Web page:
The Symposium was started by Lyn Evans who thanked the University for the welcome shown to the project and introduced the audience to the Tokyo Statement from the Linear Collider Collaboration stressing the technical readiness and scientific validity of the ILC.  Lyn was followed by a short welcome from Ryu Shionoya, a Diet Member from the House of Representatives and Secretary-General of the Diet Members Federation, who welcomed the Workshop delegates.  The keynote address was then given by Hiroya Masuda, Chairman of the Japanese Policy Council.  He described the potential demographic challenge facing Japan due to population decline over the next several decades.  He then discussed how projects such as the ILC could play a role in stemming this reduction and could be especially effective in regional rejuvenation.  Mr. Masuda’s thought-provoking presentation was then followed by a panel discussion.  Moderated by Hitoshi Murayama, deputy Director of LCC, the panel consisted of Joachim Mnich (DESY, Germany), Jonathon Bagger (TRIUMF, Canada), Hiroaki Aihara (University of Tokyo, Japan) and Lyn Evans and they gamely addressed a wide variety of topics provided by Hitoshi.  There was, of course, general agreement with Jonathon’s observation that the precision of the ILC was “made for the Higgs” with clean collisions and complementary physics to the proton colliders.  Joachim noted that the large circular lepton machines were coming to the their natural end and future linear colliders would provide the route to higher energies for electrons.  Hiroaki pointed out that the ILC is a huge project which must be approached carefully and must maintain balance with other fields of science.  He mentioned that High Energy Physics field can sometimes come across as arrogant (who, us??) and this is not conducive to inter-disciplinary harmony.  He also added that there is little Japanese experience in international leadership in international projects, thus external political help will be crucial.  Lyn returned to Mr. Masuda’s demographic possibilities for the ILC by noting that the LHC programme has stimulated significant renewed interest in science within the EU and saw no reason why the ILC should not fulfill the same role in Japan.  The symposium ended with a short message from the Masanori Yamauchi, the incoming KEK Director General, on future plans, and a symposium summary from Hitoshi Murayama which, as usual, was presented so enthusiastically that it reduced the translator to sporadic interjections of translated speech fragments.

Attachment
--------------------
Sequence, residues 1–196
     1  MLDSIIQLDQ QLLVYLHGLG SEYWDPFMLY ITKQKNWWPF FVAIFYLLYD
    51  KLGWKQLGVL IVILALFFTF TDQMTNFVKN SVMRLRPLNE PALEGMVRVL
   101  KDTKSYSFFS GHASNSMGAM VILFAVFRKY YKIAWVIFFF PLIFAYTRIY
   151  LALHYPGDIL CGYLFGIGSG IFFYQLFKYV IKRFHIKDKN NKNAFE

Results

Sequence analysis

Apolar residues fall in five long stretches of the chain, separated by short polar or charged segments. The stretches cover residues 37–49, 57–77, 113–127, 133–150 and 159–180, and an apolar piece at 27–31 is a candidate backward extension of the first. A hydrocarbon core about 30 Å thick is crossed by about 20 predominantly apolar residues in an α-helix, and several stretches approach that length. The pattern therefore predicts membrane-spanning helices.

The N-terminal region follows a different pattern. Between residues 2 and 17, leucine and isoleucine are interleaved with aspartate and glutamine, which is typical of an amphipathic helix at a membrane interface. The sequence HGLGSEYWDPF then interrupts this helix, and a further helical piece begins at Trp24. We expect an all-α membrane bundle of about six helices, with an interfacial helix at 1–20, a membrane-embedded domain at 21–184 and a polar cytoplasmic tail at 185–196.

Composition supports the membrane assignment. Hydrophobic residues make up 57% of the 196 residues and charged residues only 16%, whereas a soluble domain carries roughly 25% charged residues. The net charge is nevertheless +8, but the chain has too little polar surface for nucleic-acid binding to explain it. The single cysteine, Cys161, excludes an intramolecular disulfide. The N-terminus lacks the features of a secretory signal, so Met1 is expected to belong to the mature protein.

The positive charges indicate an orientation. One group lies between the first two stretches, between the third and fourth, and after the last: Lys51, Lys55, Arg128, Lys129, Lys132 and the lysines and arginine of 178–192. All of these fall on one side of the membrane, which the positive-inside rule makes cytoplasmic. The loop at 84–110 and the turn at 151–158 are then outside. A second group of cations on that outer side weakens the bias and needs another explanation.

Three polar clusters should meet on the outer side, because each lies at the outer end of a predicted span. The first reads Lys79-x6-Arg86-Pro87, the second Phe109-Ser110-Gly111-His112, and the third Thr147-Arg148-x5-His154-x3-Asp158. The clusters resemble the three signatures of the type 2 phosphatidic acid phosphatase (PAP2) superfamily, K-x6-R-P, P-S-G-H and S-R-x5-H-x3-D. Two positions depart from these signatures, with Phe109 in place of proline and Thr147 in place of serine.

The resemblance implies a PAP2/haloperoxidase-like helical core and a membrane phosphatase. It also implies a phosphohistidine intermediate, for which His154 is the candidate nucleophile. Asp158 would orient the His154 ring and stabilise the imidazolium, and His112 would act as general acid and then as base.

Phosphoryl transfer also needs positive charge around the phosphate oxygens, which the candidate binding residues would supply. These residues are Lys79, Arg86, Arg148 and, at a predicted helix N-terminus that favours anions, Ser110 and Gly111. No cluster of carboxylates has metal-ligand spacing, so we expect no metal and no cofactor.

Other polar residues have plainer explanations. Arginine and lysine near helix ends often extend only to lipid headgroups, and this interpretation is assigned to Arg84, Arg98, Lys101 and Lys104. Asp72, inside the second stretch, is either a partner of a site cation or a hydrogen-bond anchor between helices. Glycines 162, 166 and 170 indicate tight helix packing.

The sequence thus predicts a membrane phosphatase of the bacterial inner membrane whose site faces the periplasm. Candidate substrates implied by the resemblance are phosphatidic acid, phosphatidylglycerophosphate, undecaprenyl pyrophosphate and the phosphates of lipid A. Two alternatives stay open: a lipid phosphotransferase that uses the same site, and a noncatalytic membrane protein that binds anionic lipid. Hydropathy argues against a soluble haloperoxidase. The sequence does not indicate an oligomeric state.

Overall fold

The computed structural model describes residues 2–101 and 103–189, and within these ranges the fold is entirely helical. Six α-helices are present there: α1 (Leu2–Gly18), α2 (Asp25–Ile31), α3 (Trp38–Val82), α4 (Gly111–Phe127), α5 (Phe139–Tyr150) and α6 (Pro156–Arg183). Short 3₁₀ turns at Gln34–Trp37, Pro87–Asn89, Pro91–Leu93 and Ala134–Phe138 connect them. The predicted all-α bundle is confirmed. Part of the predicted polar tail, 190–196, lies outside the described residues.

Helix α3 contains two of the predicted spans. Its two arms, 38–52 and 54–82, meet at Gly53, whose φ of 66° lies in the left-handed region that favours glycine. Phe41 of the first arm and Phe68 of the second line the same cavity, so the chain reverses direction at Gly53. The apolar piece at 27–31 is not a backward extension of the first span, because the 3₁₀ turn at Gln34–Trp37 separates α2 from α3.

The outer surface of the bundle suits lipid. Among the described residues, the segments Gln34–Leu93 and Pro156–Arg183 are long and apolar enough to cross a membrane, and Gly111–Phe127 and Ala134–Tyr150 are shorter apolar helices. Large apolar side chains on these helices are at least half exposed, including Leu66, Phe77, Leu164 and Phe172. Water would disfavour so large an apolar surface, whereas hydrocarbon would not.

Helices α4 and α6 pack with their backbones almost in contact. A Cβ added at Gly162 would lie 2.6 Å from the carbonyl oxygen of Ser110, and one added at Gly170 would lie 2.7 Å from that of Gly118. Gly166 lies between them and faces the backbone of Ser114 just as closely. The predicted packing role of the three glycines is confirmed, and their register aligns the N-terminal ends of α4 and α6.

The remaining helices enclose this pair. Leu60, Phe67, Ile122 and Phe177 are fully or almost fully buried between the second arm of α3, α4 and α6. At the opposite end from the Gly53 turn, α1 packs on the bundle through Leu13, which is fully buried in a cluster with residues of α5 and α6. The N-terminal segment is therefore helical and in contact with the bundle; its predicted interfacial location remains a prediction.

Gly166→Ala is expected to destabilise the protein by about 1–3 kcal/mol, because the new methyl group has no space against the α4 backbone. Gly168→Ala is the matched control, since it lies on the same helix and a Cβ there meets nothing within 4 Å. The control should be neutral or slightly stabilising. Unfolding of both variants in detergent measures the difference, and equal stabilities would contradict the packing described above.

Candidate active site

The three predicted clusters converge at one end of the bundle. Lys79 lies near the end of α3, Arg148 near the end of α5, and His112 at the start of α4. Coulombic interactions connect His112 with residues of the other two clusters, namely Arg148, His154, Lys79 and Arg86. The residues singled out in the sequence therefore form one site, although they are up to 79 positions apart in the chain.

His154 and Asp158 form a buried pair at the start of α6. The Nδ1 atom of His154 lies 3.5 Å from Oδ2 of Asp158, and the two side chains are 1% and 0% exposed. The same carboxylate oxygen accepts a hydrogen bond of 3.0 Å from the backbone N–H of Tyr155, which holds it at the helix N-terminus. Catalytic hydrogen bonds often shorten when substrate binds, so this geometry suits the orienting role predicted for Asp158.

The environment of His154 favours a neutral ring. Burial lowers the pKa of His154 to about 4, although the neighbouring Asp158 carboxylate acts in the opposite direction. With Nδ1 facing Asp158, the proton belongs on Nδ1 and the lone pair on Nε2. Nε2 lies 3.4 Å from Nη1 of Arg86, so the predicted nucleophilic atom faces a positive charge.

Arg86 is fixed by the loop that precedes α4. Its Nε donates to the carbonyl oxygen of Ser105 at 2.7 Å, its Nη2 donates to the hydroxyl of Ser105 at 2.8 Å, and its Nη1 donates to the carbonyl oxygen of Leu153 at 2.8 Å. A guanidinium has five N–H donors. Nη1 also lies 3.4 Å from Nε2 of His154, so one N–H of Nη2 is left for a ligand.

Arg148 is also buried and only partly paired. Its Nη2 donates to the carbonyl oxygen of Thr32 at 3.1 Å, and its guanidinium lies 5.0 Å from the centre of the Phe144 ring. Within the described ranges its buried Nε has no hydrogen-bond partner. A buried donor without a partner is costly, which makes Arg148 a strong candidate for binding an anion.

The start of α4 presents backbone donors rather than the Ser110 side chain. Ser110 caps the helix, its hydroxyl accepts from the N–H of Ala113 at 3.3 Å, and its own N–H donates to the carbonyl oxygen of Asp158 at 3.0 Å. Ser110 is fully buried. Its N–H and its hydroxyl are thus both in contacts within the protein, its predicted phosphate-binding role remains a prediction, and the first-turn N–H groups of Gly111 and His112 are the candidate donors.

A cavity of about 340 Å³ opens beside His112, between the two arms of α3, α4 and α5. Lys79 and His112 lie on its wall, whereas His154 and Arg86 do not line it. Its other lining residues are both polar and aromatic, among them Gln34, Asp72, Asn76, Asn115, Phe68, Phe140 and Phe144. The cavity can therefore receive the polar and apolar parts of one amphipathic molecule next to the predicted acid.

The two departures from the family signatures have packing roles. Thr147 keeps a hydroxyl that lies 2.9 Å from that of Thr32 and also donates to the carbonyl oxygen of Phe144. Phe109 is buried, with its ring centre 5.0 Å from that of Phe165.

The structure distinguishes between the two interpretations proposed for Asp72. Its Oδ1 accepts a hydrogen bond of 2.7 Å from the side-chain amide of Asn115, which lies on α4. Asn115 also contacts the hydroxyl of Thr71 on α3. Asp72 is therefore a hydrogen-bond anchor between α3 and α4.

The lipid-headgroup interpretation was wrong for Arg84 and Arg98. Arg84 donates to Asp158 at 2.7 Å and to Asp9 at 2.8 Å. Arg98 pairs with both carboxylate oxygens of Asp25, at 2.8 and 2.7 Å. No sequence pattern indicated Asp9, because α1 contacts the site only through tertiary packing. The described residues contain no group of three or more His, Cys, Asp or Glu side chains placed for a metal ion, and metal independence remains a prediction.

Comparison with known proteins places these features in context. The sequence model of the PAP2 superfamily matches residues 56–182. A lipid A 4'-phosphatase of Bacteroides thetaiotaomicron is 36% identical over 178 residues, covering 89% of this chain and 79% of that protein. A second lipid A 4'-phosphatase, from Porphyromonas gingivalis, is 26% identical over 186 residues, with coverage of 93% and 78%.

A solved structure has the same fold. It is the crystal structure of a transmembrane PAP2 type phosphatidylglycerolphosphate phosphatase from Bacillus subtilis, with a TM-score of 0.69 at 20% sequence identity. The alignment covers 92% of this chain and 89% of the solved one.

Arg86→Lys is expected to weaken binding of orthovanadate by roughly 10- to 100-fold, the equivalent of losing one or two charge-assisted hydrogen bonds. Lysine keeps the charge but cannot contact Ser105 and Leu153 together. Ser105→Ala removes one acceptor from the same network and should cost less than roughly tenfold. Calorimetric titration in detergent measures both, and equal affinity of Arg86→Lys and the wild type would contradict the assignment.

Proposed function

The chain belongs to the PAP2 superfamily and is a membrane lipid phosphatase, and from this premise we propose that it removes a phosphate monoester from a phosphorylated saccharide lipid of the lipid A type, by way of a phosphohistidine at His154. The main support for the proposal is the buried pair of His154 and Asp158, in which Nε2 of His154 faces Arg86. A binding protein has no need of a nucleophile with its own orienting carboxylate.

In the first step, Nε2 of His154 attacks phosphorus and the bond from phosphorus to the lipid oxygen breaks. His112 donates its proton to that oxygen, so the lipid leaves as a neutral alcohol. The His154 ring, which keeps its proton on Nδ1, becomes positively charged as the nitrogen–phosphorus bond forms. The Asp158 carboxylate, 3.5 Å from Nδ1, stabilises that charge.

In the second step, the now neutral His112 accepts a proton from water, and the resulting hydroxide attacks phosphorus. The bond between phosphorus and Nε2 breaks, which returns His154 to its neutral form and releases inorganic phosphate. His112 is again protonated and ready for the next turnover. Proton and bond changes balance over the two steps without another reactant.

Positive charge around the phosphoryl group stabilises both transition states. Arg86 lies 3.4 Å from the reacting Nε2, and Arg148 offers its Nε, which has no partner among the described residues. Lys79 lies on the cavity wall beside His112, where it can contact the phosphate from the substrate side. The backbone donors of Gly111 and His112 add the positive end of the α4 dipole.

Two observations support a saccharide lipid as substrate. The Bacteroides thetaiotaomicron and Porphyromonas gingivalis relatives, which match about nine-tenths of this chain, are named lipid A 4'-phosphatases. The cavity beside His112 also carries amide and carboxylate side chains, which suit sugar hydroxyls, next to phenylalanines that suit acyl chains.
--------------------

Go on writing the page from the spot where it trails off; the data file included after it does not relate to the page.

The delegates then moved on to the special banquet portion of the evening dubbed the “Taste of Discovery”.  The HEP community is by its nature very cosmopolitan. When the banquet organisers indicated that, stressing the international nature of the ILC, the gustatory theme for the evening would be provided by asking the diplomatic embassies for the menu of a signature dish from those countries represented in the ILC Technical Design Report,  I suspected the logistics involved would prove a real challenge for any hotel.  It was therefore exciting to see a veritable cornucopia of international food awaiting everyone when the banquet started.  I did not try to count the different offerings but it certainly seemed consistent with the TDR authors’ list of home countries (48).  An unscientific sampling of the crowd confirmed the excellent quality of the food too (as did the speed of consumption).  In addition to the food offering, Japanese culture was also highlighted throughout the proceedings.  A Taiko demonstration (synchronised Japanese drumming) by a performance group named “indra” was part of the entertainment as well as a calligraphy performance by Tomoko Kawao. She is .one of the most high-profile calligraphy artists of Japan. Dipping an enormous brush into a well of ink, she wrote a dramatic rendition of four Chinese characters, “宇宙創成” (meaning “creation of the universe) on a big sheet of paper.  In a smaller setting demonstrations of traditional Japanese water colour painting were on hand as well as traditional tea ceremony participation.  I can personally attest to some very interesting green tea.  The crowd consisting of a mixture of embassy staff, political and industrial supporters, were highly appreciative of the time and effort which went into both the food and the entertainment.

Too soon the time passed and it was time to return to Tsukuba in preparation to resume the workshop activities the following day.  Those present will certainly cherish the memories of their trip to Tokyo this year.

Mike Harrison

Mike Harrison is Associate Director for the International Linear Collider in the Linear Collider Collaboration.